The Fire Department of New York is one of the best in the world. Funnily enough, more whites were passing the admissions test than were blacks and Hispanics. A lot more. Why do you suppose that was? It didn’t matter to the Justice Department, which sued the FDNY, alleging that the fact that there was “disparate impact” on the test was sufficient evidence to condemn the test as racially discriminatory. A federal judge agreed, calling the FDNY a “stubborn bastion of white male privilege,” and mandating quota hiring. So the FDNY rewrote the test. Results are in:
Blacks and Hispanics scored significantly better on the newly revamped FDNY exam, a shift that could lead to firefighter jobs for a many as 42% of the minority-group test-takers, city officials revealed Tuesday.
The would-be minority-group firefighters far outscored those who sat for the previous three exams — the results of which were deemed discriminatory and tossed out by a judge.
Bravest hopefuls who nail a grade of 97 or higher are considered likely to be hired by the FDNY over the next four years.
Nearly half — 42.3% — of minority-group members who took the test cleared that hurdle, officials said.
That’s much higher than top-scoring minorities who took the 1999 exam (14%), the 2002 exam (16%) and the 2007 exam (33%).
FDNY Battalion Chief Paul Mannix, an outspoken critic of the judge’s decision who believes the original lawsuit was bogus, said he still has questions about how the experts scored the exam.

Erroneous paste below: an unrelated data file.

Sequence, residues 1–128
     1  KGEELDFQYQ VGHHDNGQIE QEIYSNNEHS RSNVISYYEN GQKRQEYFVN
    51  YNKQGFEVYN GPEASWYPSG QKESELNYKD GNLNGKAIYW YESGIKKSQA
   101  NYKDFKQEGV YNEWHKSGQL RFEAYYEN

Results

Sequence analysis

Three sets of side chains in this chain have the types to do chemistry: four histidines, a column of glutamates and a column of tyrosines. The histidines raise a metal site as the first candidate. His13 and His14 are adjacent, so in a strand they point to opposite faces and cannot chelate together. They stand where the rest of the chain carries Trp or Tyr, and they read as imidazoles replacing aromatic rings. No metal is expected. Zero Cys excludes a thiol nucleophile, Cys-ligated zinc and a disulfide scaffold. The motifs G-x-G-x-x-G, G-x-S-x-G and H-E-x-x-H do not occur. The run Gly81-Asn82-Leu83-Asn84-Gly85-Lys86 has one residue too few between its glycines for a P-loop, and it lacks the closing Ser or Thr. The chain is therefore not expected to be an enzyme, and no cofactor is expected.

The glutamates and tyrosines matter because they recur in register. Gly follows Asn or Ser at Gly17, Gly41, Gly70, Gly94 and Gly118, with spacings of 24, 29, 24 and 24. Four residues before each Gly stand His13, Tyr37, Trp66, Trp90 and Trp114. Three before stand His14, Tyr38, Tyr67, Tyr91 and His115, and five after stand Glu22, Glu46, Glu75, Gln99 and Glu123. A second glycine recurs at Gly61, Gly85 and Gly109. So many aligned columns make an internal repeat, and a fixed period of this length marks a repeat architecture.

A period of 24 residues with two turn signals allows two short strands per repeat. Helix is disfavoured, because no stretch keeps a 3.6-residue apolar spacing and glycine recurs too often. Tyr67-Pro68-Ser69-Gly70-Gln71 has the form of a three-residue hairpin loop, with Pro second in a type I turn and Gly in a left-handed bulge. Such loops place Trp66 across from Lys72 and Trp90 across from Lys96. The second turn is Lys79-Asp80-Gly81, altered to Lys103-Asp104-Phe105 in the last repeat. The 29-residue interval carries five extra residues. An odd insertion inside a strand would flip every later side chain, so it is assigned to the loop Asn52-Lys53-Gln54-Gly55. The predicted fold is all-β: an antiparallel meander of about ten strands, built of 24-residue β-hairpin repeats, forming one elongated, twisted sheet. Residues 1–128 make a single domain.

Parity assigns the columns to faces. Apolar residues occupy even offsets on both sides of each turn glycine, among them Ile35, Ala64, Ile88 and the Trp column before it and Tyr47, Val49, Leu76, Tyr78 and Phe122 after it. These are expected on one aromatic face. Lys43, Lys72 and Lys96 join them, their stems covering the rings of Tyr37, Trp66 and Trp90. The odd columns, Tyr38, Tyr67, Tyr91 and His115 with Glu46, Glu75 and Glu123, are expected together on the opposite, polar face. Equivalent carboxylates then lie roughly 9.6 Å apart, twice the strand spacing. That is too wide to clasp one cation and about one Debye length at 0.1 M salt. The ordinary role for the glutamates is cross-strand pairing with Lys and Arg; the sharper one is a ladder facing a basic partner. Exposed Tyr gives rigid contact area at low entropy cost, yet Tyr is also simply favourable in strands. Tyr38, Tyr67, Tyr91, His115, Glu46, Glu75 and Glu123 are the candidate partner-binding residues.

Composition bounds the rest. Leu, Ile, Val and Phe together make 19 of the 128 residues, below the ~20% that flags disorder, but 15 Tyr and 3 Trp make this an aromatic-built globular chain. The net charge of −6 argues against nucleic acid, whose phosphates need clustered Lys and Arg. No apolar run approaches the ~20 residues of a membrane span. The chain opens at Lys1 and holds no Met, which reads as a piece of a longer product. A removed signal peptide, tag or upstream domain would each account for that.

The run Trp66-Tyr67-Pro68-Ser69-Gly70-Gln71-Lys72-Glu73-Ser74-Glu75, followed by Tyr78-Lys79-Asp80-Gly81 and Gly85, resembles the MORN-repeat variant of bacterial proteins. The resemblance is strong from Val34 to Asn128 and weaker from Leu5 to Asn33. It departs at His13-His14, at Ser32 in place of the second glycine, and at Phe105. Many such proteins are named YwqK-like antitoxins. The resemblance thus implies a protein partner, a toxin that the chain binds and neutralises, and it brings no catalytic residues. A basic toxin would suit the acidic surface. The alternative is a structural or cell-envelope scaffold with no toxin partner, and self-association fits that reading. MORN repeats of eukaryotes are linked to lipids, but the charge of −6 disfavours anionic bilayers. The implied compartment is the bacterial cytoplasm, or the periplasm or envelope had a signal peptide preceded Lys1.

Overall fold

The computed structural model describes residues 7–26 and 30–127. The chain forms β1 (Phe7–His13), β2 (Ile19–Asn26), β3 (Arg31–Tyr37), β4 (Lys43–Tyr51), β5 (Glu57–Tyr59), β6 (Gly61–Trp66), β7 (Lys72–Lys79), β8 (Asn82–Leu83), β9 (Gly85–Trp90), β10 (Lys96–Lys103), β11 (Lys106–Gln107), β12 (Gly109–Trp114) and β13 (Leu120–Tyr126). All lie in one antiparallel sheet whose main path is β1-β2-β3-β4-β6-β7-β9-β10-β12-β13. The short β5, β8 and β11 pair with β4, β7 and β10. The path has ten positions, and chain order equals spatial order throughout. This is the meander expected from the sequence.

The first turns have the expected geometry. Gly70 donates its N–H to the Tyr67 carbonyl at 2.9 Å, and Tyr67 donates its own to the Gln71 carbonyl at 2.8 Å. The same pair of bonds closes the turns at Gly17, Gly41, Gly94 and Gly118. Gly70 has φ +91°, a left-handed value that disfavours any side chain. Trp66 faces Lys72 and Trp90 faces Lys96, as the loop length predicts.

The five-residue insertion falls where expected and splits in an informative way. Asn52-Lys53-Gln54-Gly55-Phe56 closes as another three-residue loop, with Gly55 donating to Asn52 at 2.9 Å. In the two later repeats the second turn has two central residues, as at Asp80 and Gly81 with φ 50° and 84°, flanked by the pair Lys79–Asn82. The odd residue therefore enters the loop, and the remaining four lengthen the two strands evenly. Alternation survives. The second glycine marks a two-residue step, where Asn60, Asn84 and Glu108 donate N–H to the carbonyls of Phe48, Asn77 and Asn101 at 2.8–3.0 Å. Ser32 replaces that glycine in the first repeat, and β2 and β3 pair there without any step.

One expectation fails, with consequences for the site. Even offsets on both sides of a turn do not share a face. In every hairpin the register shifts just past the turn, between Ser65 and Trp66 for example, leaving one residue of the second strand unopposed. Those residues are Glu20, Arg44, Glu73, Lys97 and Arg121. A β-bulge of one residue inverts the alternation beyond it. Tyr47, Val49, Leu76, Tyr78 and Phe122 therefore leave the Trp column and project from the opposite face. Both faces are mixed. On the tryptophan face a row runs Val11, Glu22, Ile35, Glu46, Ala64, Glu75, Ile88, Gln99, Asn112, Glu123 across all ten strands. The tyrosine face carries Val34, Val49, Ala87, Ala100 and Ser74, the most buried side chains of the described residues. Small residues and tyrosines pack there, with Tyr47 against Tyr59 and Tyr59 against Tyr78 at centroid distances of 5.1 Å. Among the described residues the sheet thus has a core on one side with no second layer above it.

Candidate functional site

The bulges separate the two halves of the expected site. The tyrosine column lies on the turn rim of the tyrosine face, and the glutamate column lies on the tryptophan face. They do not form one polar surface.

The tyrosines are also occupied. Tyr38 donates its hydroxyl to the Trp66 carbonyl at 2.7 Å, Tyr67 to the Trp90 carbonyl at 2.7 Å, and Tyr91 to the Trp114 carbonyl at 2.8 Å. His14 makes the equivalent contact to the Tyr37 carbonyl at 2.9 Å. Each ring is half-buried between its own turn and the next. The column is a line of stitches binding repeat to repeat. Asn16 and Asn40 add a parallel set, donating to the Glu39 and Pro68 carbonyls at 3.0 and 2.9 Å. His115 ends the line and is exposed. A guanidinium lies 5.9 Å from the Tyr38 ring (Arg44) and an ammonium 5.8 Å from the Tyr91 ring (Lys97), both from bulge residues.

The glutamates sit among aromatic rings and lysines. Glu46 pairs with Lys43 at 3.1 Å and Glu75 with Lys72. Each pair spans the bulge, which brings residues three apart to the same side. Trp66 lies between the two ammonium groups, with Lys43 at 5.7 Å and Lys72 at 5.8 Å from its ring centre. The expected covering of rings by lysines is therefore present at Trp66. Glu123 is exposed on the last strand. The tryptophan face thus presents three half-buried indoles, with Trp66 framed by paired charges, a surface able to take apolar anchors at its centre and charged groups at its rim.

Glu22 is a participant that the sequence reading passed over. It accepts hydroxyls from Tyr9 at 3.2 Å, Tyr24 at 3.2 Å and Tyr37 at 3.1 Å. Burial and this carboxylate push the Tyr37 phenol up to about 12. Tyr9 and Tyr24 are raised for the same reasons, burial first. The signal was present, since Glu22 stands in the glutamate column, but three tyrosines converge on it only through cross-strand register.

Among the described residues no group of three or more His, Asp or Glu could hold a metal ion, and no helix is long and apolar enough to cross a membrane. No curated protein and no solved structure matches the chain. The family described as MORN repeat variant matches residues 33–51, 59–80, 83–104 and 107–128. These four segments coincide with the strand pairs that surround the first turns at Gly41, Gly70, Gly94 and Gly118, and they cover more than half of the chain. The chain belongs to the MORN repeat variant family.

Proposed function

“On the face of it, I have no confidence in the test and the list that will come of it,” Mannix said.
In a 2010 piece about the challenges minorities face getting hired at the FDNY, the liberal Village Voice wrote:
It’s hard to see any racial discrimination in the individual questions from past exams that the Voice was able to obtain. But that doesn’t change the fact that minority groups have fared worse in them.
The court even has a legal term for it: “disparate impact.”
And the thing is, it’s not against the law for a hiring test to create disparate impact, as long as that test evaluates the vital skills necessary for job performance. But the FDNY’s critics charge that its exams don’t really determine who will or will not turn out to be a good firefighter.
So maybe the FDNY’s test was bad, but does that make it racist? From what the Voice reports, it seems to be only if you consider the outcome racist, whatever the intention. That is, only if you believe in the doctrine of disparate impact. Was the exam a flawed exam that tested candidates on things that weren’t relevant to firefighting? Possibly, in which case this problem needed addressing. But if even the Voice can’t find anything racially biased in the questions it asked, what is the rational moral basis for a civil rights lawsuit?
This is why we need a Republican president’s appointee running the Justice Department, right? Think again: as Steve Sailer points out, the initial lawsuit was filed in 2007 by the Bush Justice Department. Because hey, if there’s one job you don’t want people hired for on the apparent merits, it’s firefighting.